Federal authorities stopped another person linked to the Feeding Our Future fraud case from leaving the country on Monday, arresting the 49th person to be charged in the sprawling $250 million child food aid conspiracy.

Agents arrested Mohamed Muse Noor hours before his flight to Istanbul, Turkey, was scheduled to leave the Twin Cities on Monday morning. A federal criminal complaint charging Noor with participating in the fraud conspiracy said that law enforcement learned about the itinerary Sunday evening.

According to the charges, Noor is the cousin of Abdikerm Abdelahi Eidleh — a Feeding Our Future employee who has also been charged in the conspiracy and is accused of pocketing millions of dollars in bribes and kickbacks from other co-conspirators. Monday's new criminal complaint described Eidleh as a fugitive whom agents believe to now be in Mogadishu, Somalia.

Noor did not have an attorney listed as representing him as of late Monday afternoon.

Noor is accused of fraudulently obtaining nearly $500,000 in federal child nutrition program money through his Xogmaal Media Group under the sponsorship of Feeding Our Future. Xogmaal Media Group's website described itself as a Minneapolis-based Somali marketing, advertising and communications firm. It also operates as an online news source that reports on Minnesota's Somali community.

According to charges, Noor incorporated Xogmaal Media Group in late November 2020 and soon enrolled it as a federal child nutrition program site under Feeding Our Future's sponsorship. Noor and Feeding Our Future director Aimee Bock signed and submitted a site application on Dec. 29, 2020, and the Minnesota Department of Education approved its application in February 2021.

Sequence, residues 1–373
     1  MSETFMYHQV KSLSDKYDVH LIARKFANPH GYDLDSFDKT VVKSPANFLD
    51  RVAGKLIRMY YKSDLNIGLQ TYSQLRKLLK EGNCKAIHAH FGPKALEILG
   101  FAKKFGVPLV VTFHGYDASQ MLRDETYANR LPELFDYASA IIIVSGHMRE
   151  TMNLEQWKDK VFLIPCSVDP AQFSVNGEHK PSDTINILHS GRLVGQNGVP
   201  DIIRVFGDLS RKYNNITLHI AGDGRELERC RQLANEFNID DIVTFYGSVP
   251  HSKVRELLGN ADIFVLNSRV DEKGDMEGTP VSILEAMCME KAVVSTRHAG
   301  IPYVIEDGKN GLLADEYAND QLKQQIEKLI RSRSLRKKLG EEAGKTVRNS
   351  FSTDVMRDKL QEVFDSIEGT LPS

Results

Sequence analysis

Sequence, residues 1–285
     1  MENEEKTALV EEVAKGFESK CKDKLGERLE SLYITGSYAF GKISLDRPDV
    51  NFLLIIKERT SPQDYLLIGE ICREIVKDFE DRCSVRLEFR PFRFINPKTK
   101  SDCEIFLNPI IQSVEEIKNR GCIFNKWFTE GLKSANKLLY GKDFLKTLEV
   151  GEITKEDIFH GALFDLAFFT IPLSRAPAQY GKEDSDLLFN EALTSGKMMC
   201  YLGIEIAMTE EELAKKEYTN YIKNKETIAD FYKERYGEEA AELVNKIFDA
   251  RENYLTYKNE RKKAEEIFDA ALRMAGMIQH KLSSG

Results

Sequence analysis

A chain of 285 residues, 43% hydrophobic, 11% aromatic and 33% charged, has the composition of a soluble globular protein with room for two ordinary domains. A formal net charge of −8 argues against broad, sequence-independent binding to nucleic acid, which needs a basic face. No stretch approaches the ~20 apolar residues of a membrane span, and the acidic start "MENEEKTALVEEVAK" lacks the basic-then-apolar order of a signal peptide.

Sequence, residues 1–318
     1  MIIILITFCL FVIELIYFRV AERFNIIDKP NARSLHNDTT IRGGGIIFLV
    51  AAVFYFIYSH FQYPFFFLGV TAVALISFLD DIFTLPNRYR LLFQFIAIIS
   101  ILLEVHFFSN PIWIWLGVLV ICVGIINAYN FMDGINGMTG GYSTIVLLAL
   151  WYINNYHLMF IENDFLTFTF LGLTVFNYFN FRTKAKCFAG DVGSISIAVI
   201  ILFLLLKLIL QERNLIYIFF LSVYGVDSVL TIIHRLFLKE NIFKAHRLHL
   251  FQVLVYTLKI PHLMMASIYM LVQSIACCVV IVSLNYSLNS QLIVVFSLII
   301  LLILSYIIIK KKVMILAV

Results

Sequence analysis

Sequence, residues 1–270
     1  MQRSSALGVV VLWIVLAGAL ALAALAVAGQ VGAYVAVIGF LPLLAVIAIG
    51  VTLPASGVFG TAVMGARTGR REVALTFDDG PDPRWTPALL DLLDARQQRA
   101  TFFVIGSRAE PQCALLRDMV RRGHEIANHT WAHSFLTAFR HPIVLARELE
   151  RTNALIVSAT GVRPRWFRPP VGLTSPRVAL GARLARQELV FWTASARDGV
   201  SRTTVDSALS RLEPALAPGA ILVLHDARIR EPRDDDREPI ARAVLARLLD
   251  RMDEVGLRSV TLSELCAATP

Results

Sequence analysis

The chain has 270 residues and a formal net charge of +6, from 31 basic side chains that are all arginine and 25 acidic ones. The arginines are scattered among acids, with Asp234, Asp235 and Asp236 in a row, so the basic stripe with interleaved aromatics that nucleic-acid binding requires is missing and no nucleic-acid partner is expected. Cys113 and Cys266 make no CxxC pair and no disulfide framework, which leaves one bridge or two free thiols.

One Feeding Our Future employee raised concerns about sponsoring Xogmaal Media Group and other entities that had no connections to children.

"We took a lot of organization[s] that don't work with children or are advocate[s]," the unnamed employee wrote in a February 2021 email to Bock that was cited in Noor's criminal complaint. "I am just realizing that now. For example xogmaal is a TV show program. That have no interest with children. These are the things we need to clean up."

But the complaint said that Bock nonetheless allowed Xogmaal to participate in the program under sponsorship. Within weeks of enrolling in the program, Noor claimed that Xogmaal Media Group was serving meals to 1,000 children a day and 1,500 children daily months later.

Bock pleaded not guilty and has publicly denied any wrongdoing, including after the FBI raided her office and her Rosemount home in January. A message was left seeking comment from her attorney on Monday. Eidleh did not have an attorney listed as representing him in the case.

In all, Xogmaal Media Group received $494,316 in federal funds from Feeding Our Future — with little if any of that money used to buy food or provide meals to children, according to the charges. Most of the money instead allegedly went to shell companies owned by Eidleh and a former employee indicted for soliciting and receiving kickbacks.

"Bank records show that Eidleh did not use this money (or the money he received from other Federal Child Food Nutrition Program sites) to provide food or meals to underprivileged children," the complaint reads. "Instead, he appears to have used much of the funds in the accounts of his various shell companies to fund his lifestyle and enrich himself."

That included $212,000 toward Eidleh's home mortgage; $88,000 sent to an online cryptocurrency exchange, and $50,000 spent at a Dubai jewelry store.